The government is drawing fire from all sides on the issue of introducing wine and liquor license to hotels in inhabited islands and there are merits and demerits in the debate wherever looked at. And it seems the government is registering public concerns as a date to issue these licenses has been backtracked.
The issue is not a new issue and there is nothing the current government can do which the former government has not done in this issue. For example the former government has given licensees to parties to sell wine and liquor both in inhabited as well as uninhabited islands. The only difference is that public has more say in issues now that before. However now that the former government is in the opposition they are politicizing this issue which needs not be an issue at all. Both former and current government are adamant that market for the drinks in this 100% Muslim country is not for its citizens but for expatriates and guests in the country.
Everyone acknowledges there is a direct link to abundant supplies of intoxicants and lawlessness which is a milder name for terrorism of gang warfare in Male’. The police acknowledges this as well as the incumbent government.
And we have a culture and a religion which is firmly against allowing wheeling and dealing with liquor and wines and there are reasons to respect that. On culture we must not forget that affluent western societies go to great lengths to protect their culture and ways of living such as banning Islamic values and symbols (eg. Minarets, hijab, headscarf, beard etc) to protect their ‘Christian values’. The swiss are out in force against having Muslims erect minarets in the few mosques they have, which is not even a requirement of sharia, which is only a symbol which harms nobody. And the entire world it seems is up and against Muslim women wearing hijab which is akin to what the Christian nuns wear in-terms of the surface area that is covered. So we see an imbalance in the way we take the issues of culture and religion. It might be argued that economically we in Maldives are not able to afford this kind of individualism but its just one point to ponder. Tourism is not the only product this country can develop or offer to the world. There are many avenues to pursue and making a quick and fast buck is only a short-term desperate measure the government is ill advised to seek.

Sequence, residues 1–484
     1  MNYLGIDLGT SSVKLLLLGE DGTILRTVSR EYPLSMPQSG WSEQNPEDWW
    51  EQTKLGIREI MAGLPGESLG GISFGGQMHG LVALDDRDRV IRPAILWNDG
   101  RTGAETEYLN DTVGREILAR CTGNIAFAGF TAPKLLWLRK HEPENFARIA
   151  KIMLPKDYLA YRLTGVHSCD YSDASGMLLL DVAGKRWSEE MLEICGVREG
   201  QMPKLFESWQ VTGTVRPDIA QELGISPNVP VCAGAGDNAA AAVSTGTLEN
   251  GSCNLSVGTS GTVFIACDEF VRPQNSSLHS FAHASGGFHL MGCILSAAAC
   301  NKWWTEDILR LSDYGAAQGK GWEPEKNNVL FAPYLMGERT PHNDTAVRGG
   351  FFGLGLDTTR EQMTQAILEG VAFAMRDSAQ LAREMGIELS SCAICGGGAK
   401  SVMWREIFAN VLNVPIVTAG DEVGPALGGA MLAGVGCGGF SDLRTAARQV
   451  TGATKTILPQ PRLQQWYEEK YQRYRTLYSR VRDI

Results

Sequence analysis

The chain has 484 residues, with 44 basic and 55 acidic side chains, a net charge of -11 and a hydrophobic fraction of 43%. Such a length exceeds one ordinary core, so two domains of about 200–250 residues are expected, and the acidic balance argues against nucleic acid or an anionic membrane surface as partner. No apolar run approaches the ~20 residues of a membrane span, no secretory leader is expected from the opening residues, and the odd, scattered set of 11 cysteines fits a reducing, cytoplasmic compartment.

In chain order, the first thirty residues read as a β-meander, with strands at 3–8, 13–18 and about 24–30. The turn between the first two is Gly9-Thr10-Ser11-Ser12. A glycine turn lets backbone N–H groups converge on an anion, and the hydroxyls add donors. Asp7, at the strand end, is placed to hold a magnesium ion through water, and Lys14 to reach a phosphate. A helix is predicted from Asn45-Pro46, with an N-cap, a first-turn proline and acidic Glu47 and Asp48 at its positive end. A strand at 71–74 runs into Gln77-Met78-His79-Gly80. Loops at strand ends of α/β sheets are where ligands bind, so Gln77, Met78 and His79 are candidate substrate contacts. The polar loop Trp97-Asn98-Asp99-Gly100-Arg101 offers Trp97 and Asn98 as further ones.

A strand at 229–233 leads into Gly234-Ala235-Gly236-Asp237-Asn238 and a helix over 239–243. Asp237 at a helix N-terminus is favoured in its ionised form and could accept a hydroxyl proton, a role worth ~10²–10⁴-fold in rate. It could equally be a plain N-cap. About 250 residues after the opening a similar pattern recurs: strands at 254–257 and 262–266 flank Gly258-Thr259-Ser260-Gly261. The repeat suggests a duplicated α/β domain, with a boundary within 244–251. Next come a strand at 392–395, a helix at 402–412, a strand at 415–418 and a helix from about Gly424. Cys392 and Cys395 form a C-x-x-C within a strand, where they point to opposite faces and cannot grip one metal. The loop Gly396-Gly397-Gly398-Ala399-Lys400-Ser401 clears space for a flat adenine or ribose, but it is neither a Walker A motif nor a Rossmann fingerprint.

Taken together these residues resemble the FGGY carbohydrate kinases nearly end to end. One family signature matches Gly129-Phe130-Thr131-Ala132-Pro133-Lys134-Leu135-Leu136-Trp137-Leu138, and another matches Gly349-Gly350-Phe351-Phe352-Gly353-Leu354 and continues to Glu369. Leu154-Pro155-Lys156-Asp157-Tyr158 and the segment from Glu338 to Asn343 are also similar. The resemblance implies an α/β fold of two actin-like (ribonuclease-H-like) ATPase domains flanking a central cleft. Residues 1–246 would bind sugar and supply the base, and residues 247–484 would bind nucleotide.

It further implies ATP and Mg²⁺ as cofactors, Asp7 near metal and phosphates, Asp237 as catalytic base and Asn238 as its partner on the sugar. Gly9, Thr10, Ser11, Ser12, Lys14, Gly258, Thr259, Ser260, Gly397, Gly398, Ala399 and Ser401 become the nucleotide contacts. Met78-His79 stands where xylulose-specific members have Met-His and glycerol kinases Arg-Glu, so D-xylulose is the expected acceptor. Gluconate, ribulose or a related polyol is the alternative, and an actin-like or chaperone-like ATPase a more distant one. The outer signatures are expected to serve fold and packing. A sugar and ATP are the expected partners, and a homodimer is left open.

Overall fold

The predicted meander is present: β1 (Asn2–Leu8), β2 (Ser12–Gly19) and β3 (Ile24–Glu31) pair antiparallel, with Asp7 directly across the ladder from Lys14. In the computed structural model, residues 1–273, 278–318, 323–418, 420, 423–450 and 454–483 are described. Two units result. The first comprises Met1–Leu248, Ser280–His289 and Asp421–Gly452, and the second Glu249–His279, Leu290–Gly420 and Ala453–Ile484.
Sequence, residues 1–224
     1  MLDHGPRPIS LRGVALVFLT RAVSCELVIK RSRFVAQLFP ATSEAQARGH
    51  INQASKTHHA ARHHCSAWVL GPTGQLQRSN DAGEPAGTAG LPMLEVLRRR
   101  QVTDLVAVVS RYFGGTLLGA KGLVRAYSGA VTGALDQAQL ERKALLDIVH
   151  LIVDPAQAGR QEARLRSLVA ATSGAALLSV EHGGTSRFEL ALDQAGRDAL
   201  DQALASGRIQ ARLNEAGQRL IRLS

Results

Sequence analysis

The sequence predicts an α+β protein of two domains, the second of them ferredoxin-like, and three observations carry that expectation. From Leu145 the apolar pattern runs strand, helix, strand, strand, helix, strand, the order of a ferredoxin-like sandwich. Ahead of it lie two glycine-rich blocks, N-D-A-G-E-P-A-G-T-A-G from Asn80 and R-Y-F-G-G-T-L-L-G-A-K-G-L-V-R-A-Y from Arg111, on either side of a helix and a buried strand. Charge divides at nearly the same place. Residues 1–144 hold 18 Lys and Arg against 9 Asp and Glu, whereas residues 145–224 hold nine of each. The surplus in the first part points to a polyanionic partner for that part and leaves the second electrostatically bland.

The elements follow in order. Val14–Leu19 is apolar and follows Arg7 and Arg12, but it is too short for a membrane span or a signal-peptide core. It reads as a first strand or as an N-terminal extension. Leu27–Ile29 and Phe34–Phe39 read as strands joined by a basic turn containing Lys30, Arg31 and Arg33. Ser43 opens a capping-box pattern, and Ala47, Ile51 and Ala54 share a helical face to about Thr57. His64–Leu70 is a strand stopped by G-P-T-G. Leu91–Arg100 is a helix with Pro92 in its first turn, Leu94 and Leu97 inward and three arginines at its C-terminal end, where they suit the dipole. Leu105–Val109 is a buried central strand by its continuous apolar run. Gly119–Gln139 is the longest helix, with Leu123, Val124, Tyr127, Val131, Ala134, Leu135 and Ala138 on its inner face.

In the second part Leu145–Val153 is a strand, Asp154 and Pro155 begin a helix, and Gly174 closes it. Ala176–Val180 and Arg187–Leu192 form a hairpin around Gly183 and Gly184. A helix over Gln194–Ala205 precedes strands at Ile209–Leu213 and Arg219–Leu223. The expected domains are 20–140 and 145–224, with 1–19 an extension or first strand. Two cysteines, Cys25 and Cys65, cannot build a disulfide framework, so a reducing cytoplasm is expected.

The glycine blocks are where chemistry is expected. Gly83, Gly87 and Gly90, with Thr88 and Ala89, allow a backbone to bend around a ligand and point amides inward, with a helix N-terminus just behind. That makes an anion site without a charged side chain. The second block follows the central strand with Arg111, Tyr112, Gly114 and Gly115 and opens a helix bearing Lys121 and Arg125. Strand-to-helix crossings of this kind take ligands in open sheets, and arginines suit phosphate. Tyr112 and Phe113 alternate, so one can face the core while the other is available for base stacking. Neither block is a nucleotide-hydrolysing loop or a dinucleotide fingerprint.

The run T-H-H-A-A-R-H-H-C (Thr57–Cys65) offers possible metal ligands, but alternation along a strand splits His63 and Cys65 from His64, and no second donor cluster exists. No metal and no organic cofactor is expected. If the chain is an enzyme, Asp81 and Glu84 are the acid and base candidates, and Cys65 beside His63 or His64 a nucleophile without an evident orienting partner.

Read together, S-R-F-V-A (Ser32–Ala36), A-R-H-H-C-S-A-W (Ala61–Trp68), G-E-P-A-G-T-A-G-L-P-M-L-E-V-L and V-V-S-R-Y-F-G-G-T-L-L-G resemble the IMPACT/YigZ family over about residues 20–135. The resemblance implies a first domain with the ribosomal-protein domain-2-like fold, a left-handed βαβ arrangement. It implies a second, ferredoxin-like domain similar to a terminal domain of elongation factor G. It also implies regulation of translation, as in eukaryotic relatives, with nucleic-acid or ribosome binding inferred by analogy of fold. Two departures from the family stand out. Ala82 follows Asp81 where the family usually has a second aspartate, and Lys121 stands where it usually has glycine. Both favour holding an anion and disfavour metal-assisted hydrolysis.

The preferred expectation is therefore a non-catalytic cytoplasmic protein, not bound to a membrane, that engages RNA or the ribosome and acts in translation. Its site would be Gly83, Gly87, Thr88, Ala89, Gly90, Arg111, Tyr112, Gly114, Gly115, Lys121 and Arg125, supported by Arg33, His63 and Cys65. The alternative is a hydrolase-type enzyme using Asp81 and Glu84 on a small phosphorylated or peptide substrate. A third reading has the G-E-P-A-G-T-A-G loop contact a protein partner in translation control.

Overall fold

The government is trying to portray this as if this licensing will be a once and only lifetime issue but it will be not be a one and only issue. For now they are seeking ways to placate the requests of the new Holiday Inn Hotel in Male’ and once they get the permit every other hotel and motel will demand the licenses which will be ultimate given and a few more years hence bars will spring up in all islands besides cafe’s and mosques. In theory the existing black-market for wine and liquor and home distilling will be solved by granting these licensees to city hotels but the theory is overly simplistic. Just because a crime is rampant does not mean it has be decriminalized. So in a sense the authorities seems to arriving at the problem from an improper angle.
Sometimes its ironic how societies deals with some issues knowing full well the various aspects of it. For example if smoking and drinking (wine liquor etc) are compared, its common knowledge that the later is more damaging than the former. But because of the ‘wine and dine culture’ even those who advocate smoke bans would not dare say ban the wines because there was history behind such banes and nobody wants to be touched by the stigma of that history. So achieving for carbon neutrality and cigarette neutrality as well as wine neutrality are all good mighty and lofty ideals for a small country like ours. But forsaking some neutralities in favor of other neutralities is again one more ill advised move for the government. Should rhyme with “…all animals are equal BUT some are more equal than others…”